What Is A Thermal Shock in Materials? Causes Of Thermal Shock
What Is A Thermal Shock?
Thermal shock is a sudden change in temperature that causes a mechanical load on an object. This load can come from a rapid change in temperature at a single point or from a thermal gradient, where different parts of the object expand at different rates.
This can cause stress on the object and, if the stress exceeds the material’s tensile strength, a crack can form.
To prevent failure from thermal shock, measures can be taken such as slowing the rate of temperature change, increasing the material’s thermal conductivity and strength, introducing compressive stress, decreasing the material’s coefficient of thermal expansion, and increasing its toughness through methods such as crack tip blunting or deflection.
Borosilicate glass is designed to handle thermal shock better than most other types of glass through a combination of its low expansion coefficient and high strength, although fused quartz is more superior in these areas.
Some glass-ceramic materials, particularly those made of lithium aluminosilicate, have a controlled amount of material with a negative expansion coefficient that allows for a near zero overall coefficient across a wide range of temperatures.
Alumina, zirconia, tungsten alloys, silicon nitride, silicon carbide, boron carbide, and some stainless steels are among the best thermomechanical materials.
Reinforced carbon-carbon is highly resistant to thermal shock due to the high thermal conductivity and low expansion coefficient of graphite, the strength of carbon fiber, and its ability to deflect cracks.
The impulse excitation technique is an effective tool for measuring thermal shock, and it can be used to non-destructively measure Young’s modulus, Shear modulus, Poisson’s ratio and damping coefficient. This technique can also be used to track changes in physical properties by measuring the same test-piece after different thermal shock cycles.
Causes Of Thermal Shock
Thermal shock occurs when there is a sudden change in temperature, either from hot to cold or vice versa, and it is most likely to happen in materials that are weak structurally and have poor heat conductivity.
The change in temperature causes the material to expand or contract unevenly, leading to thermal shock. Materials such as ceramics, glass, and rocks are more prone to thermal shock because they have poor heat conductivity.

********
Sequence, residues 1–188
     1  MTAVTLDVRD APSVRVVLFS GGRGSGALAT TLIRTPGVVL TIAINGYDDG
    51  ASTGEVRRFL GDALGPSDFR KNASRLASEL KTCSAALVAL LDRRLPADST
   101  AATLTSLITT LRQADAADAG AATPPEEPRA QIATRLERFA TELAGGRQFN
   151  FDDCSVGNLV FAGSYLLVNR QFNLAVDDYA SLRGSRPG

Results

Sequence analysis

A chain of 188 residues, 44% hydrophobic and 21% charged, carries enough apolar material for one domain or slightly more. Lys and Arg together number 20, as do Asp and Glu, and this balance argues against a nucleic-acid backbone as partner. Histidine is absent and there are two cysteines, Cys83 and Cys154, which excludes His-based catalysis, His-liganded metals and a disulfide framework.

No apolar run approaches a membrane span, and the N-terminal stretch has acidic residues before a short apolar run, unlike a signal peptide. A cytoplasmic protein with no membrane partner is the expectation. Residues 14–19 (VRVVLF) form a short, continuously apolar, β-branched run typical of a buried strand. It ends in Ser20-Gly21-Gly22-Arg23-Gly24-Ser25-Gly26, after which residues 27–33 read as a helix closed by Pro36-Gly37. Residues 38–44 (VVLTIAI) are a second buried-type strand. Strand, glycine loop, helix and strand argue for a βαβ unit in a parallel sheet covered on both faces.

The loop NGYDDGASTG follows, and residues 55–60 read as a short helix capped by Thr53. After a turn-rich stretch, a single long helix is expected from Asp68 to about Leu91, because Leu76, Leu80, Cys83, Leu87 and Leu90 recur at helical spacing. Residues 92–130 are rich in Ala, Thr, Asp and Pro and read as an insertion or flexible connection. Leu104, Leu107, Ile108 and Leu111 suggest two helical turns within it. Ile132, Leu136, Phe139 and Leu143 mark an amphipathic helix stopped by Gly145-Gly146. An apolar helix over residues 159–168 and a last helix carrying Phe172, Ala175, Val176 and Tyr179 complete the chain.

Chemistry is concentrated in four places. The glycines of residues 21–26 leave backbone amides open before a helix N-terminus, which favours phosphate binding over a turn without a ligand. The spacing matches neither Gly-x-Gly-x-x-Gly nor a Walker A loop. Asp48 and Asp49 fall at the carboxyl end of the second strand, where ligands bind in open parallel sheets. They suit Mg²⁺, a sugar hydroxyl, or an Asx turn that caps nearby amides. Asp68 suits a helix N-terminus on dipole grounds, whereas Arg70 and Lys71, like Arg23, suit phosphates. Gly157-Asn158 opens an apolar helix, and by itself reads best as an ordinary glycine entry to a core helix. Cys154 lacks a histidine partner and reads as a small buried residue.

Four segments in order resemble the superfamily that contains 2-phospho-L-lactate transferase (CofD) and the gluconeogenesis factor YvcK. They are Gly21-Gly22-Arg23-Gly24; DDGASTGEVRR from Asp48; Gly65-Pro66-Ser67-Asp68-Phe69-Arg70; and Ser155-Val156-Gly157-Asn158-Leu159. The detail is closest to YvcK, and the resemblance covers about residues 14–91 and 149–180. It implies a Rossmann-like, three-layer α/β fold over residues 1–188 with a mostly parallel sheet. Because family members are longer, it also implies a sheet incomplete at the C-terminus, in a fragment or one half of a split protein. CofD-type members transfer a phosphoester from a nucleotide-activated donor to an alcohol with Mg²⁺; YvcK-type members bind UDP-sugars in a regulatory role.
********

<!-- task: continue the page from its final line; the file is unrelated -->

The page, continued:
Examples of thermal shock include ice shattering in a hot liquid, rocks cracking near a heat source when splashed with cold water, and head gaskets in engines failing due to sudden temperature changes.
Types Of Thermal Shock
Thermal shock can cause excessive thermal gradients on materials, leading to excessive stresses that can cause fatigue failure. These stresses can be tensile, pulling the material apart, or compressive, pushing the material together.
Thermal shock is caused by uneven heating or cooling of a uniform material or uniform heating of nonuniform materials.
When a material is heated and constrained so it can’t expand the increased temperature causes the molecules to press against the boundaries, creating thermal stresses.
Testing For Thermal Shock
Thermal shock testing involves rapidly switching a product between extreme temperatures to simulate temperature cycles or thermal shocks that may occur during normal use.
This is done using equipment with one or multiple chambers, where the product stays in one chamber with rapidly changing temperatures or is moved between hot and cold chambers using an elevator mechanism.
Glass containers are particularly susceptible to sudden temperature changes and may be tested by rapidly switching between cold and hot water baths.
Prevention Of Thermal Shock
Thermal shock can be prevented by avoiding sudden temperature changes, increasing the structural strength of the material, and enabling the material to conduct heat more efficiently, allowing for a more even expansion or contraction when encountering temperature changes.
This ensures that thermal stress is not placed on the material which could cause damage. As such, materials should be designed with the right balance between strength and heat conductivity in order to ensure that thermal shock is minimized.